Newspaper article The Evening Standard (London, England)

Why the Capital Is Coming Up Roses; TRENDSFragrance Clouds, Complex Sensory Systems -- Yes, Store Scenting Is Big Business. Emma McCarthy on the Smells That Are Making You Spend

Newspaper article The Evening Standard (London, England)

Why the Capital Is Coming Up Roses; TRENDSFragrance Clouds, Complex Sensory Systems -- Yes, Store Scenting Is Big Business. Emma McCarthy on the Smells That Are Making You Spend

Article excerpt

Byline: Emma McCarthy

WHAT'S the first thing you notice when you walk into a shop? The row of mannequins posed strategically by the entrance? The music -- be it soft and tinkling or heavy on the bass? Or, if you're like me, the sale rail? But what about the smell? Unless it's bad, the answer's likely to be no. But while a shop's scent may not register highly on the sensory agenda among sights and sounds, it's almost certainly there. And crucially, it's proving an increasingly powerful tool in encouraging Londoners to part with their hard-earned cash.

Of course, we're not talking about the whiff of freshly sprayed Mr. Sheen here. Take Abercrombie & Fitch. The brand's London flagship has become renowned for its distinctive breed of fragrance -- named Fierce, in case you were curious -- which wafts through the dimly lit corridors and out to the groups of teens queueing at the door, via scent machines or dedicated members of staff spritzing liberally. Victoria's Secret is just as intoxicating. But its purpose is not just to act as an air freshener. As Nike once reported, when it first introduced scent into its stores, customer intention to purchase increased by 80 per cent.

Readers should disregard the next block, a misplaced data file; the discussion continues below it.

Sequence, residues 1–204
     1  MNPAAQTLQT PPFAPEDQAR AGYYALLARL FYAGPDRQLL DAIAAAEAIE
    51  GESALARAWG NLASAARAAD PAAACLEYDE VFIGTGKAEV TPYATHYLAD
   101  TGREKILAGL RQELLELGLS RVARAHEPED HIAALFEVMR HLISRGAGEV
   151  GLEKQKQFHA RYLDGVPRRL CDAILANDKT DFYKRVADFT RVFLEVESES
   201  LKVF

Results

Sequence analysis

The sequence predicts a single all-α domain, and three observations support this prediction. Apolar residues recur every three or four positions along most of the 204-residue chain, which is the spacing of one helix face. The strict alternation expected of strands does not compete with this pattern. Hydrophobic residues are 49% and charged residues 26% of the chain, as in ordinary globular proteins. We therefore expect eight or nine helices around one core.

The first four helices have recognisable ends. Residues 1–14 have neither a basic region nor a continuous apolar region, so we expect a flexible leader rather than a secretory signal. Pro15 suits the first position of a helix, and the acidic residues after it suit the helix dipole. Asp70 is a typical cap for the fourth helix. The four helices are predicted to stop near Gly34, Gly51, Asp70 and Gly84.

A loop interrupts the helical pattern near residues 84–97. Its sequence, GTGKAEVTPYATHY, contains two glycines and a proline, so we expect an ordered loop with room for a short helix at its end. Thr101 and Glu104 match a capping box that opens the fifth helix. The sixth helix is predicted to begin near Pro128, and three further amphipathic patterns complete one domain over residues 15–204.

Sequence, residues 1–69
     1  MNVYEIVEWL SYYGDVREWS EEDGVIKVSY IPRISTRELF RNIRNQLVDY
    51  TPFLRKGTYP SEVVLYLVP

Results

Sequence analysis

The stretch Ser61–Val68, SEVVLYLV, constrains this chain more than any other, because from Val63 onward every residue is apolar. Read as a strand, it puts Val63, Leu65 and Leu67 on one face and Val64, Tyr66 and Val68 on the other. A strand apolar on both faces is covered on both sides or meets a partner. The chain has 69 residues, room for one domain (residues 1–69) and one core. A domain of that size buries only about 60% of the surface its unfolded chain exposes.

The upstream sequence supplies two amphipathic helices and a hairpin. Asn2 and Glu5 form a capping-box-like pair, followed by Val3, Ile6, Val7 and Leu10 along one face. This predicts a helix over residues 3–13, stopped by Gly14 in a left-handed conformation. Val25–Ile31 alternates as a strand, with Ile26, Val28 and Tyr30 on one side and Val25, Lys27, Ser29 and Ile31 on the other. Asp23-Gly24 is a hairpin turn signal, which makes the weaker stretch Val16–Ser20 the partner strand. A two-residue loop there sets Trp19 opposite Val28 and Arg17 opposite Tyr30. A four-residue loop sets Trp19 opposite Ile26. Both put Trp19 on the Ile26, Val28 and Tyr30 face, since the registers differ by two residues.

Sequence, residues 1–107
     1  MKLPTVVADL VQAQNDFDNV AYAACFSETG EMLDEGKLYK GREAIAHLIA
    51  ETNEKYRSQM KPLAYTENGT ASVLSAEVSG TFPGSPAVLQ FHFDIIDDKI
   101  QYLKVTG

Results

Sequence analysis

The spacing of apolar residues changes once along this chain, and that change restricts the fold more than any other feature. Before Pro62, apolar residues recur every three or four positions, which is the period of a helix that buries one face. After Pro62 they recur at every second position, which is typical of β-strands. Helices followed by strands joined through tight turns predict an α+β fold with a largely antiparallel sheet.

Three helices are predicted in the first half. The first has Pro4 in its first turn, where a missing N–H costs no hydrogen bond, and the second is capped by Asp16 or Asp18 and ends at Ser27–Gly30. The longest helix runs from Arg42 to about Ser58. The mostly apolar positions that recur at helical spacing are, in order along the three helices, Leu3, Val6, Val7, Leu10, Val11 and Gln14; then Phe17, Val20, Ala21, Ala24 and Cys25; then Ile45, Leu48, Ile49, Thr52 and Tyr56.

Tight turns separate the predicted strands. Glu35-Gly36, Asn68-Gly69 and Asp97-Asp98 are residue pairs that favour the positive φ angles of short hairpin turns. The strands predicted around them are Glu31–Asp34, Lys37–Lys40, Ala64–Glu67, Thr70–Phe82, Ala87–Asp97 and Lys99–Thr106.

When it comes to London's most exclusive shopping streets, scent is just as important to a brand's success as the quality of its window displays and handbags on offer. Mainly because shopping is a very different experience to what it used to be.

As little as 20 years ago, the focus for luxury shopping was on exclusivity -- think sales assistants with raised eyebrows and don'touch-what-you-can't-afford displays, circa Pretty Woman. Now the rise of e-commerce has opened up luxury labels to a far widerreaching audience. But while eshops can stimulate sights and sounds, only bricks and mortar stores can offer a fully immersive experience from the minute a customer steps through the door to the moment they leave. …

Search by... Author
Show... All Results Primary Sources Peer-reviewed

Oops!

An unknown error has occurred. Please click the button below to reload the page. If the problem persists, please try again in a little while.